Alternative Dispute Resolution (ADR) is the process of solving disputes outside courts. This falls outside the purview of the regular judicial process. Although, the process was criticized vehemently by parties and attorneys equally, it has gained considerable acceptance over the years. There are instances where courts have directed parties resort to ADR before granting them permission for trial.
ADR can also be conducted online on a global level, in which case it is called Online dispute resolution (ODR). However, the solutions ODR can offer are very limited; therefore, it is not in all means a kind of ADR.
The different types of ADR methods are:
- Negotiation: Parties voluntary choose this method of ADR and there is no third party who facilitates the resolution process or imposes a resolution.
- Mediation: A third party called the mediator is in charge of the resolution process. The mediator may suggest a resolution, but the suggestion is not binding on the parties. The solution suggested by the mediator is called “mediator’s proposal.”
- Arbitration: It is similar to negotiation in that parties voluntarily choose this method. It is similar to mediation in that there is a third party (arbitrator) who acts as a private judge. The difference lies in the fact that the solutions put down by the arbitrator is binding on the parties. Arbitrations often stem from contracts where parties agree that any future dispute concerning the agreement will be resolved by arbitration.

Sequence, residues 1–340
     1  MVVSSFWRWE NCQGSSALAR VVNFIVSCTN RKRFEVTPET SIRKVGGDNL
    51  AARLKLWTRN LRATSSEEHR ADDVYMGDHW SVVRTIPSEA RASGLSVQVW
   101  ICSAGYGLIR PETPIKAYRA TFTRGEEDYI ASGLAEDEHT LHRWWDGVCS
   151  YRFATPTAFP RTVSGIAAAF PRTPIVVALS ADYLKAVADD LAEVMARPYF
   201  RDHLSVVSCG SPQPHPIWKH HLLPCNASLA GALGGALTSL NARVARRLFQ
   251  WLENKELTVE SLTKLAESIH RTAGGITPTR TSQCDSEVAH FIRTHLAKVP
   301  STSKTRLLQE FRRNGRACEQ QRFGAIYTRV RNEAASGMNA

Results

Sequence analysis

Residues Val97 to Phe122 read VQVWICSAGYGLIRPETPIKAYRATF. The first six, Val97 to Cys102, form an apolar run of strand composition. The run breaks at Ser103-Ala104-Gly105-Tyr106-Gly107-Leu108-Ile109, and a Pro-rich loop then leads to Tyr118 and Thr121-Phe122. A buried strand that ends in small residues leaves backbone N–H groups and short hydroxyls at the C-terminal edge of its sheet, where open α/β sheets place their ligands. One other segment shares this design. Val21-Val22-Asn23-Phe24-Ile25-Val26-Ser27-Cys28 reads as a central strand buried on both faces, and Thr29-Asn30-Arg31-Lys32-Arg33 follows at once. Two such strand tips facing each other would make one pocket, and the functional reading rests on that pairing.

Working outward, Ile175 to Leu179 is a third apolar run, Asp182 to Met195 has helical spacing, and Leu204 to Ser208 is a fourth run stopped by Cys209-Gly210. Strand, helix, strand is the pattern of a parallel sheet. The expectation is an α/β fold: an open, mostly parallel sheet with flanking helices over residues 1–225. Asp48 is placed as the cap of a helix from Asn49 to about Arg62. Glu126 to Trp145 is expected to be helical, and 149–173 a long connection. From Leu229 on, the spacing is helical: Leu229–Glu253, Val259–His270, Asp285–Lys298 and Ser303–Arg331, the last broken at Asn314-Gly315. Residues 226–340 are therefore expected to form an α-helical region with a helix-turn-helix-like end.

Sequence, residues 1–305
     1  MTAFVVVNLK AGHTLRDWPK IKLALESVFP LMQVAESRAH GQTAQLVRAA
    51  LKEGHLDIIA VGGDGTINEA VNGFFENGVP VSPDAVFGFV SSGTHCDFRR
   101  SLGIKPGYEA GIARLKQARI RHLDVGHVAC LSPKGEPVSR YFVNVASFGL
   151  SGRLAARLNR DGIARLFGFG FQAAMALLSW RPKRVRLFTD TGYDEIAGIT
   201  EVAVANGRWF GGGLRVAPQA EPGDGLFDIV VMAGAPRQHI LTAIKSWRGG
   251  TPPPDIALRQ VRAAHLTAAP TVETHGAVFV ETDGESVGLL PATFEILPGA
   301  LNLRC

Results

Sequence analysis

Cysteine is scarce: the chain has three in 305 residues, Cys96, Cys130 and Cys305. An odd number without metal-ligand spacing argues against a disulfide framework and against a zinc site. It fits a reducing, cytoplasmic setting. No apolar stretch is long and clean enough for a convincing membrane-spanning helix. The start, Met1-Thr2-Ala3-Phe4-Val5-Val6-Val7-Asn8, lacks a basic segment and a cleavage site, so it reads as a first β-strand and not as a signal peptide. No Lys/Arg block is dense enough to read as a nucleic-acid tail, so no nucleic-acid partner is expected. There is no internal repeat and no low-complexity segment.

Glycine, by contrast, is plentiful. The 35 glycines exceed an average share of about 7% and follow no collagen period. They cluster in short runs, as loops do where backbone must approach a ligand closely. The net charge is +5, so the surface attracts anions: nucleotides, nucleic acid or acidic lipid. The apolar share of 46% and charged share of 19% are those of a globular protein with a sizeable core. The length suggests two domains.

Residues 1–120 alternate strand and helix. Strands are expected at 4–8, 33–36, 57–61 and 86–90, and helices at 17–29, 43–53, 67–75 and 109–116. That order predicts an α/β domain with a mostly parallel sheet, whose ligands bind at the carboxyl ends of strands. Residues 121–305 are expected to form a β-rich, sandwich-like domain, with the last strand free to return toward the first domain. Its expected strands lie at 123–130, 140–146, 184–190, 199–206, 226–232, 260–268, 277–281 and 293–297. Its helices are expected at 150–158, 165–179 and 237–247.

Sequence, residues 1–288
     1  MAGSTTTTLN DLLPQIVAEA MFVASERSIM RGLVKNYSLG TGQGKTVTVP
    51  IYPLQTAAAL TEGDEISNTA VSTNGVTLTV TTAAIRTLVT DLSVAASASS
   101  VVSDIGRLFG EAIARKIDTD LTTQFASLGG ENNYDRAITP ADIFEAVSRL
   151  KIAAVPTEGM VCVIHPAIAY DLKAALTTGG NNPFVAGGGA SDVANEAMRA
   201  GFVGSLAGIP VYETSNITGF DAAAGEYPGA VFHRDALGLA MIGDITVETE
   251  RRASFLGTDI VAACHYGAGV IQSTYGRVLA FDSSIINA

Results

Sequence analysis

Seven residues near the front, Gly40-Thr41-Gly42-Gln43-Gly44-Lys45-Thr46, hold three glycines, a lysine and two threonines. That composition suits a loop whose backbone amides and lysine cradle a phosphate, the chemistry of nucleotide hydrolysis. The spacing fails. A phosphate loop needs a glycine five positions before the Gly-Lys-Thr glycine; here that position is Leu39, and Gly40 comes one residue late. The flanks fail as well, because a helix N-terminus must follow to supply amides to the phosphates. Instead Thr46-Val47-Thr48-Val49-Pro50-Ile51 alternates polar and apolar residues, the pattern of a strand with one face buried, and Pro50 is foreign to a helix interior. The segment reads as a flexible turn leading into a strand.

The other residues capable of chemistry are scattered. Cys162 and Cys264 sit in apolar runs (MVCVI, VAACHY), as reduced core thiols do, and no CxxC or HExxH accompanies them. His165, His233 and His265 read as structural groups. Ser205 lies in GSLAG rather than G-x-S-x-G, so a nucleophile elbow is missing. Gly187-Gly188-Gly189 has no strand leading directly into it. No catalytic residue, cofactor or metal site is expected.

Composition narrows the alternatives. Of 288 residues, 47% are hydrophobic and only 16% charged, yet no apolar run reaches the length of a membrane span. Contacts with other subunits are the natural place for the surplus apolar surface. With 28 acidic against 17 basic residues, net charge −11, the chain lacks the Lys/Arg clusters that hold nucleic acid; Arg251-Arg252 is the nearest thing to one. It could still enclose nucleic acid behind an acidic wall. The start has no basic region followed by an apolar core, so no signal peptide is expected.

- Conciliation: Parties utilize the services of a conciliator. The conciliator meets with the parties separately and attempts to resolve their differences. Conciliation differs from arbitration because of its lesser legal standing. Also, unlike an arbitrator, the conciliator has no authority to seek evidence or call witnesses, usually writes no decision, and makes no award. Conciliation differs from mediation in that the parties rarely face each other across the table in the presence of the conciliator.
Some of the reasons why ADR methods are widely preferred are:
- increased caseload of traditional courts,
- ADR imposes fewer costs than litigation,
- The proceedings are more confidential,
- parties have greater control over the selection of the individual or individuals who will decide their dispute and over the entire resolution process.